different forms of internet censorship. By categorizing URLs, researchers can
more easily characterize internet censorship depending on what is blocked. In
Iran, for example, the breadth and scale of internet censorship appears to be
pervasive since many different types of websites were found to be blocked.
When working on a test list, you can refer to the 30 categories and search for
local websites that fall under each one. Ideally, a test list includes multiple
URLs for each of the 30 categories, though we recognize that this is not always
Research on previous cases of reported censorship
Has censorship been reported in the country whose test list you’re updating? If
so, which websites were reportedly blocked?
As part of your research for identifying sites to add to a test list, it’s
important to explore whether previous censorship events have been reported in
the country. Those sites might still be blocked, even if their ban has been
lifted. We, for example, found Vimeo and Reddit to be blocked in Indonesia, even though their ban was lifted more than two years ago. Furthermore, certain sites might only be blocked on certain networks, rather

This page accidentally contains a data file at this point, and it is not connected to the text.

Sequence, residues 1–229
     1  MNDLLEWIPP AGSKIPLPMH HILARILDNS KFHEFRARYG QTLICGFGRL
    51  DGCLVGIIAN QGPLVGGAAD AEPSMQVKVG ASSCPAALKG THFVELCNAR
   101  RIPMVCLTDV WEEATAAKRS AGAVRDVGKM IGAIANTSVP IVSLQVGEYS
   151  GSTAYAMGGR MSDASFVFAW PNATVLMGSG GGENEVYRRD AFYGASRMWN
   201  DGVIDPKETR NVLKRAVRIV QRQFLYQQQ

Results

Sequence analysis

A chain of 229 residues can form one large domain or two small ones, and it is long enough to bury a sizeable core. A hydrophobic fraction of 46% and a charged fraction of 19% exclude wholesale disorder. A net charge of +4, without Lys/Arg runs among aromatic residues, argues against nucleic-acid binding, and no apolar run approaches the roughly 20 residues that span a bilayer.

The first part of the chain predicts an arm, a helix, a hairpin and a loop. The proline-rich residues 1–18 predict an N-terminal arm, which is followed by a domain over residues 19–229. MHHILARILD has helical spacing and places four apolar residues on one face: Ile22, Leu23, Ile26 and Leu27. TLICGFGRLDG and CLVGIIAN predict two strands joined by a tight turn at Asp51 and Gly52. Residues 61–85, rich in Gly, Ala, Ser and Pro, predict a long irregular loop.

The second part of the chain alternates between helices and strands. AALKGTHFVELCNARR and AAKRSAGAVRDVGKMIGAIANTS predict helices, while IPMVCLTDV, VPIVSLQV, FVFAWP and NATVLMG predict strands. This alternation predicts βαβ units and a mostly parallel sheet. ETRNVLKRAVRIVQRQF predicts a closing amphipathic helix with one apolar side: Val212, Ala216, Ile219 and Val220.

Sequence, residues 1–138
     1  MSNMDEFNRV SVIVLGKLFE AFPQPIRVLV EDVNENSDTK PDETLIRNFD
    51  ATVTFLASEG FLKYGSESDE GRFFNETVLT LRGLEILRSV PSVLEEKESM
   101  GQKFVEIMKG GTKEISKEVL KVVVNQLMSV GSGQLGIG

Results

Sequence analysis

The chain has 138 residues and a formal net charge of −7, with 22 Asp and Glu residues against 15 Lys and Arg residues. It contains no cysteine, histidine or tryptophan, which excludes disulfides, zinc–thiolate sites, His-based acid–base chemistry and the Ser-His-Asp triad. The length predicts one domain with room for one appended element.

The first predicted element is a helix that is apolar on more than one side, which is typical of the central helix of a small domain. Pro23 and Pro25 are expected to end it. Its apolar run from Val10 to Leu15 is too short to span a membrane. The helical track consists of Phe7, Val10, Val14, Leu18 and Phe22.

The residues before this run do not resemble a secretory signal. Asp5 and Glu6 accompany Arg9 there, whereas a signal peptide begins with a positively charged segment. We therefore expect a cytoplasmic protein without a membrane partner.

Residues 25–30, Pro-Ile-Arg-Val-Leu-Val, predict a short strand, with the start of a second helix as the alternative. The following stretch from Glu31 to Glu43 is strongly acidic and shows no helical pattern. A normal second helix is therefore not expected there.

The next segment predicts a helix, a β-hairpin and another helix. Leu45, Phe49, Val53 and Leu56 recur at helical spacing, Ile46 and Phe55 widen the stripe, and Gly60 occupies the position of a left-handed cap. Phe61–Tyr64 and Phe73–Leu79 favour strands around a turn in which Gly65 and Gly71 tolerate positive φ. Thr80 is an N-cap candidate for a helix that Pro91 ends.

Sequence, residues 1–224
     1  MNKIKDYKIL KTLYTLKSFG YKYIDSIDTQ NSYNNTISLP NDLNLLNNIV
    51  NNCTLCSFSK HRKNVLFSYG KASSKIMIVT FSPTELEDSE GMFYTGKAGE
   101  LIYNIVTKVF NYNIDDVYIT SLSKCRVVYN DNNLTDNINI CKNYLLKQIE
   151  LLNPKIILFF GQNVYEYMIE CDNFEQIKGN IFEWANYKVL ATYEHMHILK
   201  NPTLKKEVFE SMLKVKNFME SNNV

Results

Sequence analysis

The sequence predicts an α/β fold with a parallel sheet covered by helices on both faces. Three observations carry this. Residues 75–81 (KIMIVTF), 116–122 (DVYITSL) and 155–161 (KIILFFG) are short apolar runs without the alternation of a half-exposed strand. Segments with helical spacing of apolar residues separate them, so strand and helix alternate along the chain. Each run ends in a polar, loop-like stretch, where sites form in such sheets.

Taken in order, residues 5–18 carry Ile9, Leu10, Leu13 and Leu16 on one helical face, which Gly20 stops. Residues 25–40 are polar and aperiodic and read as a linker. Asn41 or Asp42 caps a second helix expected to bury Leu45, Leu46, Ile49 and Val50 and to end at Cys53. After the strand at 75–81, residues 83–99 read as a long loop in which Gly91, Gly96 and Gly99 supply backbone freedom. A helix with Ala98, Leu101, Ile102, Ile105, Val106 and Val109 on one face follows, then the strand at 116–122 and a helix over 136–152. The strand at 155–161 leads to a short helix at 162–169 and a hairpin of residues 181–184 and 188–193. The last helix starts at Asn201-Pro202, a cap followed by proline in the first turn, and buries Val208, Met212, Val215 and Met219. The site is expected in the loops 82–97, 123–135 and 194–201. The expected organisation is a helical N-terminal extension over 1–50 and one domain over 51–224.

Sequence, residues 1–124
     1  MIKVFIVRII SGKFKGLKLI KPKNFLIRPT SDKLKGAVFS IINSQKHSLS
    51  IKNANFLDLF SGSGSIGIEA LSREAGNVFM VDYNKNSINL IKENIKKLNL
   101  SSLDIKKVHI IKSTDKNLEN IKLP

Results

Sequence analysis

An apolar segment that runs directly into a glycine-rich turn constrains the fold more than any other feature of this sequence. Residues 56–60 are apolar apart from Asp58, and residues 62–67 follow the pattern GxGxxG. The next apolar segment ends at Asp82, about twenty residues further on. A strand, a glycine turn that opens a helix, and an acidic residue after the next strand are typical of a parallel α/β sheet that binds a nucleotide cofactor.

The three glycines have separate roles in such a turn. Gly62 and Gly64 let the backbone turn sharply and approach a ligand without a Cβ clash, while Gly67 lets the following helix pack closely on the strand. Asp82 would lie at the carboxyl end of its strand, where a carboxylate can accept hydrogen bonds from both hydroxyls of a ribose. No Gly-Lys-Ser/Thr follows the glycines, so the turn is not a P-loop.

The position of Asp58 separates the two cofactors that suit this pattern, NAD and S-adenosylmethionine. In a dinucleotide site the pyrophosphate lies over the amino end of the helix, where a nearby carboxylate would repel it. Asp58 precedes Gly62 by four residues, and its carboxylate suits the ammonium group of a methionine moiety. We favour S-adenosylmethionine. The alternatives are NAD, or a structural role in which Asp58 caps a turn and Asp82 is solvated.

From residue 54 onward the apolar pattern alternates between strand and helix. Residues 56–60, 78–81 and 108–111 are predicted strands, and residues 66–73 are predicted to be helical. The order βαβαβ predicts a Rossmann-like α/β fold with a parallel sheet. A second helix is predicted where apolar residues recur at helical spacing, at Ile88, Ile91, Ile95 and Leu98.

than on a nationwide level. By adding sites that have reportedly been blocked to
your test list, OONI Probe users can collect network measurement data examining
the accessibility of those sites over time (and may even be able to corroborate
Previous censorship cases can also help with identifying:
The types of information that the country’s government censors (for example, if
political opposition sites were blocked in the past, it might be worth adding
them to test lists to examine if they’re blocked in the present or future);
The motivations behind censorship (for example, if a government has previously
blocked sites for political reasons, it may be worth searching for other sites
that could trigger politically-motivated censorship).
To identify censorship cases, you can start off by searching for relevant media
articles (where you’re likely to find the most recent cases). In addition to
international news websites, it’s important to search for censorship reports
through local media outlets as well. You can then refer to a variety of research
reports published by a number of digital rights organizations, including (but
not limited to) Citizen Lab, Freedom on the Net (Freedom House), OpenNet Initiative, Reporters Without Borders, and ARTICLE 19.
Given that economic, social, and political systems change over time (and the
motivations of governments change along with them), it’s important to update
test lists on an ongoing basis through the above recommended practices.